But before I do that, let me discuss arguably untalented film reviewers, guys who somehow were anointed by respectable newspapers with the aegis of smearing their opinion upon the cinematic crafts. There's two with whom I've had the misfortune of crossing paths, one a miserable Disney flack and mediocre grifter and the other a man who'd buy your girlfriend an unwanted drink at the bar while you're off putting money in the parking meter: respectively former Orlando Sentinel writer Jay Boyar and The Austin Chronicle's Marc Savlov.

I 'lived' in Orlando from 1989-91 and used cinema as an avenue of escape from the dreary reality of attending the painfully mediocre University of Central Florida, a school I accidentally transferred to from a far superior university. The only easily acquired film reviews to determine if a movie merited my pauper's patronage was The Orlando Sentinel. If the director was someone familiar like Hal Hartley or Wim Wenders I could skip the research, otherwise I'd scan my local paper and count the stars next to the film's name. Their primary critic Jay Boyar in particular earned my ire for his blatant sycophancy of Disney and to a lesser degree Universal Studios, understandable given that they own Orlando and their payola must've been legendary. I'd literally look for the movies Boyar panned and regard it as an endorsement.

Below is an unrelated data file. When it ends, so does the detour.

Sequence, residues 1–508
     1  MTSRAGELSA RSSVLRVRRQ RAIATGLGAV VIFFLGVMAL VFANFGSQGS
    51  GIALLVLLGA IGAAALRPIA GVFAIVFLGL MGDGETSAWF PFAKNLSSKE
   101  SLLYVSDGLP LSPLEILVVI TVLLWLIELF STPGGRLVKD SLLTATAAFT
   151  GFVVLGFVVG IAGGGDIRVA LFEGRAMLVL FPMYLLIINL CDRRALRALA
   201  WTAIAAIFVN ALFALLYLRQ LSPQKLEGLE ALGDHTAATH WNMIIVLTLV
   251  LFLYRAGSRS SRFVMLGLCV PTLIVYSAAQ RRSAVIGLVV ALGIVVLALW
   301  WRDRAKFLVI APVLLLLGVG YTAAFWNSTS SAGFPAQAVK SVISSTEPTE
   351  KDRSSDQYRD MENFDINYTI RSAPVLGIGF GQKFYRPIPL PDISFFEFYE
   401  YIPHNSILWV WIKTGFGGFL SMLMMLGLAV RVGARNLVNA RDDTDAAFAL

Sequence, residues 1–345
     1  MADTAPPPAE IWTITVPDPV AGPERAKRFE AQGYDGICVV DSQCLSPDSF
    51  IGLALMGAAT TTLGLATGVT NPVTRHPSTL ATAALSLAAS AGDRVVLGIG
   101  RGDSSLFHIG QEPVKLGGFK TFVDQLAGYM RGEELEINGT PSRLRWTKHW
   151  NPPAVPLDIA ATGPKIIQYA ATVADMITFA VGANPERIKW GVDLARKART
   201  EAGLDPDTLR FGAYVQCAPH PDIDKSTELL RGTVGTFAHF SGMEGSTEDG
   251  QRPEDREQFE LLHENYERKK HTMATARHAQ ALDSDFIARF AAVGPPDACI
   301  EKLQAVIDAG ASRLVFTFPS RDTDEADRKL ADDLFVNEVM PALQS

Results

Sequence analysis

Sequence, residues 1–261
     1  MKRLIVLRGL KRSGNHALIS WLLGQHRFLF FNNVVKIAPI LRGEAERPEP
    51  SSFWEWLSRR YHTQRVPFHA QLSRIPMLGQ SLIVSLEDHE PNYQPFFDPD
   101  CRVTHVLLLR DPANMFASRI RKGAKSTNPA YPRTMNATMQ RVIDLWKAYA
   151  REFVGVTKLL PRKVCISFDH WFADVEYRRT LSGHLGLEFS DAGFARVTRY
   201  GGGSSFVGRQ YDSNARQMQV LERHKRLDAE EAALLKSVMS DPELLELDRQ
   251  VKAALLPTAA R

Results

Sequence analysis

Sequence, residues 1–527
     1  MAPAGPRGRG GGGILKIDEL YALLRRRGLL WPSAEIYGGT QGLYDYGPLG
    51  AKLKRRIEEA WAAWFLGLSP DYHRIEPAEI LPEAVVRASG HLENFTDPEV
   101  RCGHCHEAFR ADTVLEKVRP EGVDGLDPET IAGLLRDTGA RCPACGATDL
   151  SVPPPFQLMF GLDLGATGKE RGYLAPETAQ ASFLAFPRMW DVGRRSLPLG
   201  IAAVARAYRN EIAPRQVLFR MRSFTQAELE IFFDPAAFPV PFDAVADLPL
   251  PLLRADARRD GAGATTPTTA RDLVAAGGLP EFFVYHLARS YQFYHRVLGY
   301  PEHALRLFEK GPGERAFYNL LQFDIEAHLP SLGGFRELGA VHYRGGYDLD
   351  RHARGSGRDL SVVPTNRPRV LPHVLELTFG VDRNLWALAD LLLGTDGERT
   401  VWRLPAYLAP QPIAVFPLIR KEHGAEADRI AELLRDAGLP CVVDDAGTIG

Cool As Ice: so astonishingly bad that it circles back around to being good?

One turkey film I purposely attended out of an incomprehensible depth of loathing and disgust for the lead man was Vanilla Ice's fall from grace: Cool as Ice. It was as beautifully horrifying as I'd hoped it to be, a cinematic catastrophe. I recall that after seeing it Jay Boyar gave it 2.5 stars out of four. 2.5! That it could even move the meter was a staggering admission, but 2.5 out of four? Inconceivable! If before I'd considered Jay to be a flack, now I regarded him as the enemy.